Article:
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Keene State College gets funding to further biology research

Union Leader Correspondent

December 15. 2014 9:13PM
Keene State College assistant professor of biology Jason Pellettieri in his biology lab Friday, where the study of freshwater flatworms known as planarians could lead to discoveries in the treatment of melanoma. (MEGHAN PIERCE)

KEENE — An interesting find by a group of non-science majors in an introductory biology class at Keene State College has led the college’s biology department to tackle research that could lead to advancements in the treatment of skin cancer.

Leading the research is Keene State College assistant professor of biology Jason Pellettieri, who emphasizes that he and his team of researchers are not curing cancer, but making basic scientific finds that could lay the foundation for other discoveries.

The more than half a million dollars in grant money now funding the research, indicates the world of science is taking notice and seeing the relevance to the research, Pellettieri said.

The three highly competitive and prestigious grants — a NH-INBRE grant, a National Institutes of Health R15 grant and the National Science Foundation’s Early-concept Grant for Exploratory Research — are intended to promote and support potentially transformative research.

It all started a few years ago in Pellettieri’s Stem Cells and Regeneration class. It is an introductory class for non-science majors — all the more reason to promote hands on research and learning through original discovery-based lab projects, he said.

“I love research … I see it as a really great way to educate students.”

“(These students) are there because it’s checking a box for them and getting them to their degree,” Pellettieri said. “So my main goal is really making biology interesting and accessible for non-majors. That’s really the ultimate goal of the course. … It’s not the typical cookbook-style lab where you have a pre-determined outcome and follow directions and you are going to get a known result. This is ‘I don’t know what you’re going to get.’ This is original research. The project might fail it often does. … Or you might get something really interesting and that was the case with this project.”

What Pellettieri asks these non-science majors is to study the regenerative process in freshwater flatworms known as planarians by conducting an experiment with the worms.

“Their claim to fame is that they have this amazing ability to regenerate lost body parts,” Pellettieri said of the planarians. The aquatic worms have a sophisticated and complex anatomy, he said. “You can even take one of these and cut it into 100 pieces and almost without exception each of those pieces will regenerate a complete new animal. … Sounds like science fiction, but it’s real.”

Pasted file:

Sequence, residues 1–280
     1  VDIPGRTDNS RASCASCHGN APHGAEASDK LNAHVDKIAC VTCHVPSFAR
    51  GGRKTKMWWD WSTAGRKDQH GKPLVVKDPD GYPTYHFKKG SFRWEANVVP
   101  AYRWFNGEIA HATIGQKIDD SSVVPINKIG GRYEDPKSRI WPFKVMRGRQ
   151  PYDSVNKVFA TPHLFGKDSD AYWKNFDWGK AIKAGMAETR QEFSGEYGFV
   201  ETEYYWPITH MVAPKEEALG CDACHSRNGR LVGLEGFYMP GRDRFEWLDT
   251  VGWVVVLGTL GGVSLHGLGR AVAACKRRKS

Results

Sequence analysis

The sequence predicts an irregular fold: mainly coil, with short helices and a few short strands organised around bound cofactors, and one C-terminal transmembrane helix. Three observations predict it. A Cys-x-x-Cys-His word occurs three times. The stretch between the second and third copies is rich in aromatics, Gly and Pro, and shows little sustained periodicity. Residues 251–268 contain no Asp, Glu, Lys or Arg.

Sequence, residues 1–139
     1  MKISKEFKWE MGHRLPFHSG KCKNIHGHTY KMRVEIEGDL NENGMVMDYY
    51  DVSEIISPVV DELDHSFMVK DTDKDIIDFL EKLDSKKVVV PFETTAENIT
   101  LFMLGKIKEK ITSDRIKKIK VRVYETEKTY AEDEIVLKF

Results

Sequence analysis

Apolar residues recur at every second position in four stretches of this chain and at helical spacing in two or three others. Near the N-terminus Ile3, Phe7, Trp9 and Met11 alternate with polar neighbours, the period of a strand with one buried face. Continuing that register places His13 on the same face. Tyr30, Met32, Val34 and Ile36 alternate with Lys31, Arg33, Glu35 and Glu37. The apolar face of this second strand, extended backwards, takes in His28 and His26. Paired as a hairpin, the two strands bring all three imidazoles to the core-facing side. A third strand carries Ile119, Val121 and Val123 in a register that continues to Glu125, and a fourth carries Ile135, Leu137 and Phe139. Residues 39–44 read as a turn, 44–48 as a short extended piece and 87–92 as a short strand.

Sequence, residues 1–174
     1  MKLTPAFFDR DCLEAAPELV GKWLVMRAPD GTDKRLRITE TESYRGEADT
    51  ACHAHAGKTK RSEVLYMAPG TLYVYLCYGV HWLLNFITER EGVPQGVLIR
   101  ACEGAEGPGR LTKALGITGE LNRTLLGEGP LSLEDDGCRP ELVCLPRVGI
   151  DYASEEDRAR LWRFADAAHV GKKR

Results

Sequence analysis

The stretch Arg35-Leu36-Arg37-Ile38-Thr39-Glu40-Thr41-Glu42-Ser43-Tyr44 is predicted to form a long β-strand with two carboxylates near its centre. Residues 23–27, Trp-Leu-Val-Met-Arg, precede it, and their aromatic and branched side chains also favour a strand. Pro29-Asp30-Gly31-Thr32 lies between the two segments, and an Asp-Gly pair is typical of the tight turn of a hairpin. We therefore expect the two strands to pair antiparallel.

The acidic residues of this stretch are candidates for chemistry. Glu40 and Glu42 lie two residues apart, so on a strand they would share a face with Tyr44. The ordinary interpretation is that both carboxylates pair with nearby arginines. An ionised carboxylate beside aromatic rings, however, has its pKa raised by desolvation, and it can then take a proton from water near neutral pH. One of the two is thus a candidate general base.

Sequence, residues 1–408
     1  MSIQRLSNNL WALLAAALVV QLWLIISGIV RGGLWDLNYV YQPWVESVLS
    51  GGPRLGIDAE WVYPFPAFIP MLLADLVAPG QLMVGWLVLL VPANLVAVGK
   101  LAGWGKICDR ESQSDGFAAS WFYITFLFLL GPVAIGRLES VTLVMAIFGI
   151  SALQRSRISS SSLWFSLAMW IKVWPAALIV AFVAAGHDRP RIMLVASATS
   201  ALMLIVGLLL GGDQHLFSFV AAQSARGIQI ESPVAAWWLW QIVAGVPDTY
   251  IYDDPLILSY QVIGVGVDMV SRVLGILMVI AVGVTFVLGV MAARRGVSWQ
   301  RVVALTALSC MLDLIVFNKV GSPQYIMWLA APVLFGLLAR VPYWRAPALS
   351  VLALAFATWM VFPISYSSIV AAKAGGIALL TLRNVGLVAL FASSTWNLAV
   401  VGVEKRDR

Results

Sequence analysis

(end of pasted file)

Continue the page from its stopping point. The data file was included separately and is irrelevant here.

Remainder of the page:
A typical research project involves adding something to the water these animals are living in, such as Red Bull.

Then the students make observances. But one group decided to take the planarians out of their cool, dark habitat they prefer in the wild, and that is recreated in the lab, and left their aquatic worms out in direct sunlight.

“Normally, they are dark brown and the sunlight-exposed animals had lost all of their pigmentation,” Pellettieri said. “I was really excited. It was completely unexpected.”

Though exciting, the find went nowhere until continuing education student Brad Stubenhaus showed up at Pellettieri’s door looking for a research opportunity in the biology lab.

Since Stubenhaus has a Bachelor of Arts in creative writing from Ithaca College and hadn’t studied biology since he was in high school, Pellettieri handed him the pigmentation puzzle to get his feet wet.

It was a curiosity, but no one really knew what to do with it, Stubenhaus said. The department’s focus was on regenerative biology not pigmentation cells, he said.

“Worms turning white was, ‘That’s weird,’ but no one really cared,” Stubenhaus said.

Stubenhaus took the initial observance and ran with it, Pellettieri said.

“We started asking questions and these things kind of take on a life of their own,” Pellettieri said. “How does visible light damage pigment cells? … There is growing data that visible light probably does cause damage to human pigments cells,” and it is believed that planarian pigment cells are very similar to human pigment cells.

With the help of the grant money, Pellettieri now has a team of researchers — including Stubenhaus as a full-time paid researcher, many undergraduates and other volunteers including Monadnock Regional High School students — exploring two questions: “How does the visible light kill the cells?” and “How do those dead or dying cells get removed?”

From worms, fruit flies, yeast and bacteria, basic science discoveries about these animals in the lab have often lead to larger biomedical breakthroughs that lead to new drugs and treatments of diseases in humans, Pellettieri said.


“A lot of times what you learn in the simple lab animal … turns out to be relevant,” he said. “What we find does not have direct clinical relevance. … We are not curing cancer. …This is not going to cure melanoma in and of itself, but it is going to give us insight into how does visible light impact pigment cells that are like human melanocytes.”

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